So, on this National Donor Day, let me just say THANK YOU! to the live donors and donor families out there. What a gift you give us. It isn’t just the gift of life, it’s the gift of hope. 

Thursday, February 09, 2017

First pre-transplant check up

Last week I had my first transplant clinic appointment after being placed on the transplant list. It was pleasantly non-eventful. I’d been fighting a sinus problem of some type, and was very worried that, although I didn’t have a fever, it might somehow be of more concern should I get “the call.” Thankfully, that was not the case, and the sinus problem is improving and almost gone. It has just taken forever. 

I wasn’t really nervous about this appointment and didn’t expect anything to happen, yet somehow, when I was in the waiting room I suddenly did start to feel pretty anxious. Although I am finally on the list, I could also get taken off the list, should I develop any medical issues that might prevent the transplant from being successful.  I was actually quite surprised that I suddenly felt anxious. Ryan was not with me for this appointment. Indeed, it was the first transplant appointment I’ve ever done without someone with me. Even if there isn’t much for Ryan to “do” at these appointments, when you’re undergoing stressful medical stuff, it is so helpful just to have someone to visit with in between tests and appointments to keep your mind from wandering to places it should best not visit. 

I’m quite used to managing my medical stuff on my own and usually don’t take anyone to appointments. But, having watched so many friends go through the process, I know how important the support system is for a successful transplant. It is a lot to learn and it is important that the people around me are as in the loop about transplant as I am. Also, I knew that as a single adult, my support system would likely get more scrutiny than if I were married. I wanted to make the point that it was real and capable system – not just a few names I was jotting down to check off a box somewhere.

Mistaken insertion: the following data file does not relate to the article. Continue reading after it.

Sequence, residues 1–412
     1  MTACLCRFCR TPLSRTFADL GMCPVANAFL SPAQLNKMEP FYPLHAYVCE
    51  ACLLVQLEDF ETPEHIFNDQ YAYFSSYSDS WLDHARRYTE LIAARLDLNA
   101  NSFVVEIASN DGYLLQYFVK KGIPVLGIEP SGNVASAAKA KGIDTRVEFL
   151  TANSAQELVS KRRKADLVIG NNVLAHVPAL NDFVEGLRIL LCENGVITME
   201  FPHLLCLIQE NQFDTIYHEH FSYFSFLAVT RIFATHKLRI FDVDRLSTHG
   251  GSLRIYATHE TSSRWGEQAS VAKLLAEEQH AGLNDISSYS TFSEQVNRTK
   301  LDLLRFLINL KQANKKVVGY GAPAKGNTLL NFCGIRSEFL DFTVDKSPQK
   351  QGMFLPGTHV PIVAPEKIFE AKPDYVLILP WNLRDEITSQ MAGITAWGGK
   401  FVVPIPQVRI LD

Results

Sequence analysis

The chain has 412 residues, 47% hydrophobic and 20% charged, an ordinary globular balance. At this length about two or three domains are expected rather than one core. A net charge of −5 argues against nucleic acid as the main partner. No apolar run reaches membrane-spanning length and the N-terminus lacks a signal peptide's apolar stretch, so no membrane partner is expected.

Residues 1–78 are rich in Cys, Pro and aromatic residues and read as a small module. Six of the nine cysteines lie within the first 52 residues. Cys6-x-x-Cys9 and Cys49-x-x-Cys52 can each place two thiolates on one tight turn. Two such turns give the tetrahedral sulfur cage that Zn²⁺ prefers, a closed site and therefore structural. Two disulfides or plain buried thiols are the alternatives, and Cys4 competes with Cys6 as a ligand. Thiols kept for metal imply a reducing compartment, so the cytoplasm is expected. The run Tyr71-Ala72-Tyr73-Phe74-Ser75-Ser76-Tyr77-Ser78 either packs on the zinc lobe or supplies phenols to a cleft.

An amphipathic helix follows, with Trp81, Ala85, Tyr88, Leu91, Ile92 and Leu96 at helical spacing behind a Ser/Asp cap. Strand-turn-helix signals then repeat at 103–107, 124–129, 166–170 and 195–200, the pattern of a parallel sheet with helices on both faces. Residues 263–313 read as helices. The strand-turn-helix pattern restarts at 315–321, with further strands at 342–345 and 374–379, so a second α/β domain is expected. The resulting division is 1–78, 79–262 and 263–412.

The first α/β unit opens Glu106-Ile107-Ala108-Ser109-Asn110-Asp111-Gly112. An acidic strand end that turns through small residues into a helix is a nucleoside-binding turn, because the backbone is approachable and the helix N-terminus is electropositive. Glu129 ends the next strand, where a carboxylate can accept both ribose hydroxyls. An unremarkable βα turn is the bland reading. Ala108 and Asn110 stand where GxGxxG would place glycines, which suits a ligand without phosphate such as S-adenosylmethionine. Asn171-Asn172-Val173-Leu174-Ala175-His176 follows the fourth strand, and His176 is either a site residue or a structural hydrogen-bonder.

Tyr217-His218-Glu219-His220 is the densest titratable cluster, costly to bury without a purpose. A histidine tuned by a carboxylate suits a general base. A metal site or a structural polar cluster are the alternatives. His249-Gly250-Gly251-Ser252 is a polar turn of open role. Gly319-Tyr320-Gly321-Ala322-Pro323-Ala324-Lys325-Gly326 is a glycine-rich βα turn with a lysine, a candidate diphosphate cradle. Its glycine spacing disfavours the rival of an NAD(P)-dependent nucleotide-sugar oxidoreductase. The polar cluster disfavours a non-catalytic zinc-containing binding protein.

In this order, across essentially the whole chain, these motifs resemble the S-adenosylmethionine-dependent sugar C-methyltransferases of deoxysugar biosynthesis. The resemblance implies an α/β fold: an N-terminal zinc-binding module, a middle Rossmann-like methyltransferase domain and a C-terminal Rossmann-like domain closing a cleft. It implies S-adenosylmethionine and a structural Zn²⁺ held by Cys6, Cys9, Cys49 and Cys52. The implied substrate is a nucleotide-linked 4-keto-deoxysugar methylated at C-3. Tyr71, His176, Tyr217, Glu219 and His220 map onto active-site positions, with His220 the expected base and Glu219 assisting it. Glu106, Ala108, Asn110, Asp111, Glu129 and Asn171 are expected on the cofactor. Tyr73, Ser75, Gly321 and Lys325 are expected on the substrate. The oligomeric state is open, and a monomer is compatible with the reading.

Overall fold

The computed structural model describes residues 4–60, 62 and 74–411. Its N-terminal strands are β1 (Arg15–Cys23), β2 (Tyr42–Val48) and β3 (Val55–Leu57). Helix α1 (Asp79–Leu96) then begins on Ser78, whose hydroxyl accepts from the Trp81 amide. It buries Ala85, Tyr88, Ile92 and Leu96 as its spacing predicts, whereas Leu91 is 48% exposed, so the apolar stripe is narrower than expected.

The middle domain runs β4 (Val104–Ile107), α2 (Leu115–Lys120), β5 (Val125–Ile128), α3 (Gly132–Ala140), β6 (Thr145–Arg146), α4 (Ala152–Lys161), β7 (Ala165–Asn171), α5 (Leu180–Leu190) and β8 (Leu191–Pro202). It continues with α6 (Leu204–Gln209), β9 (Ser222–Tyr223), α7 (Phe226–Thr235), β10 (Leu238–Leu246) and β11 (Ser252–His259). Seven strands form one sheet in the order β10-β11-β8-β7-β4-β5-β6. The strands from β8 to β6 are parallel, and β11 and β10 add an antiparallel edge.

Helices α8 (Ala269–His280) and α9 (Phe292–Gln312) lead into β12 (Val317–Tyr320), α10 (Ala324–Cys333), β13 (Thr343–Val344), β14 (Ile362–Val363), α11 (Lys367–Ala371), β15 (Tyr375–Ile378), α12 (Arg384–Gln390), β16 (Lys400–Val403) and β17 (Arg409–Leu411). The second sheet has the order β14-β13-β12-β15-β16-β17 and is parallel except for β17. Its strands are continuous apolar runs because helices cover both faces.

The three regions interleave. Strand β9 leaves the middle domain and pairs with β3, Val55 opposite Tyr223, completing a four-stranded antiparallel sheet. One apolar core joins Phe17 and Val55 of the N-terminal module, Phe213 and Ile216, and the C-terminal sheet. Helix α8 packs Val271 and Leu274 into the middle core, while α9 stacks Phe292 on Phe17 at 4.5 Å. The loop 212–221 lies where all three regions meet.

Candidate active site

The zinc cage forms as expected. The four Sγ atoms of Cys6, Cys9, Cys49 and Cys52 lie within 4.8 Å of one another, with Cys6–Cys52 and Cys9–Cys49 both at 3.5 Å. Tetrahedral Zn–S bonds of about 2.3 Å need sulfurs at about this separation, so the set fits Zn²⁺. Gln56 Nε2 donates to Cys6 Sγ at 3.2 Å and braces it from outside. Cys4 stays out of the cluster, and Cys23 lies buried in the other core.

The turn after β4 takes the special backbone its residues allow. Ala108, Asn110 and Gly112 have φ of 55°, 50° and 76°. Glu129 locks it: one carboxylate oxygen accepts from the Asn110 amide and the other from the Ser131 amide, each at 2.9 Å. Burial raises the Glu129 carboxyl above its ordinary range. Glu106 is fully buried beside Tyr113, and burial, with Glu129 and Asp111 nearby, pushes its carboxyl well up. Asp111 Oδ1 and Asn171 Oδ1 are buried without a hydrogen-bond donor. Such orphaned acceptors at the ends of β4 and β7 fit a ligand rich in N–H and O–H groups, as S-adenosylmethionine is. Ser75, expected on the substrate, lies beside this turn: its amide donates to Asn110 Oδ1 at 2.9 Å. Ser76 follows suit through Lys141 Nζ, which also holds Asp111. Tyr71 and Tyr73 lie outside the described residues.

Results? Happily, there are no changes since my last appointment. I even did a tad better on the six-minute walk. The distance was almost exactly the same, but my oxygen levels were a tad better. I have no idea why, but it doesn’t much matter. 

To calm myself I tell myself that at this point, the tests don’t really matter much. As long as I am listed, status quo means status quo, and worsening numbers only mean my lung allocation score goes up. I am not sure; however, if that coping mechanism will hold should there be a big change. You just never really know until it happens. 

Monday, February 06, 2017

Hundred People Search update

We have added a new HPSer to the patient registry. That leaves us at 71 to go on the Hundred People Search (H.P.S.) Keep up the outreach!

Thursday, February 02, 2017

Hundred People Search

We have added a new HPSer to the HPS patient registry - that makes 72 to go for the Hundred People Search (H.P.S.)

Wednesday, January 11, 2017

Hundred People Search update

We have added two new HPSers to the HPS Network patient registry this week. This puts us at 73 to go for this year's Hundred People Search (HPS). Keep up the outreach! 

Tuesday, January 10, 2017

A press release of interest to those who work for the federal government

Today this press release was in my inbox. I'm posting it because I have so many blind friends that work for the federal government. This may or may not impact you - I don't work for the government, so it is governmentese to me - but here it is: 


Chris Danielsen
Director of Public Relations
National Federation of the Blind
(410) 659-9314, extension 2330
(410) 262-1281 (Cell)

National Federation of the Blind Applauds Issuance of "508 Refresh" Regulations

Baltimore, Maryland (January 9, 2017): The National Federation of the Blind, the nation's leading advocate for blind Americans to gain equal access to information and technology, today applauded the publication of new technical standards to bring information and communication technology (ICT)  into compliance with section 508 of the Rehabilitation act of 1973, which requires government agencies and contractors to make their electronic information and technology accessible to the blind and others with disabilities.